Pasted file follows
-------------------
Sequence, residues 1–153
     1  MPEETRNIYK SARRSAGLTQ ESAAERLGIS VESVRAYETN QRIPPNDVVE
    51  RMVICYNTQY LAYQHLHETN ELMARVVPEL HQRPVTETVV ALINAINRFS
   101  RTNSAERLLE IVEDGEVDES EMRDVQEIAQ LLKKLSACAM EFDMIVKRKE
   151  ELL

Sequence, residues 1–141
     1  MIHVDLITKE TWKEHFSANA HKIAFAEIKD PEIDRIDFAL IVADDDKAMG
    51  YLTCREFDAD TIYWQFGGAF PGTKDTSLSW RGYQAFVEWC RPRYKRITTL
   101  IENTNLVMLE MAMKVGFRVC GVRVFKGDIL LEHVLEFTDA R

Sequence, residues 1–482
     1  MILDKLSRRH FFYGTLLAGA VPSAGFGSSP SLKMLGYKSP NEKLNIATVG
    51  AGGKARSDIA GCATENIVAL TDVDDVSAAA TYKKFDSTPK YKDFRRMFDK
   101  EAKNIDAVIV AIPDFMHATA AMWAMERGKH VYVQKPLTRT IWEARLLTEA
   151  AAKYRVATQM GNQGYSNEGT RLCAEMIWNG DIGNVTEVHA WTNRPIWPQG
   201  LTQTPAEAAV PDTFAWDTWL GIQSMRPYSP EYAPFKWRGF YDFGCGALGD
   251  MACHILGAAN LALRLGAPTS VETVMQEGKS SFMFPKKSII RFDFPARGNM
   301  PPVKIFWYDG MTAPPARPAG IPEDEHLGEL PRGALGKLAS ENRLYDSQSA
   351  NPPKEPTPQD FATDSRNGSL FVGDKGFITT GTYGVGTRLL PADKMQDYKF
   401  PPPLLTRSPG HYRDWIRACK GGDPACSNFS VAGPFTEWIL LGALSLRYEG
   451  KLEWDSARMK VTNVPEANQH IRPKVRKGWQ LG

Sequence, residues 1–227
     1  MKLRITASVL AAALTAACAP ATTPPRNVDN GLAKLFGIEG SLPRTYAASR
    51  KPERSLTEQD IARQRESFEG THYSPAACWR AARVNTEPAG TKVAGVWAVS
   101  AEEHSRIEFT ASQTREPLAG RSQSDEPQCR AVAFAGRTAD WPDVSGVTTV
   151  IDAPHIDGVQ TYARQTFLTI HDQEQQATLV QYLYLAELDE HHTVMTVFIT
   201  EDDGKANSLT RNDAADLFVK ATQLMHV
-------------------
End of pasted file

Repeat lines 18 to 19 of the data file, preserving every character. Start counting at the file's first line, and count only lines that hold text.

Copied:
   351  NPPKEPTPQD FATDSRNGSL FVGDKGFITT GTYGVGTRLL PADKMQDYKF
   401  PPPLLTRSPG HYRDWIRACK GGDPACSNFS VAGPFTEWIL LGALSLRYEG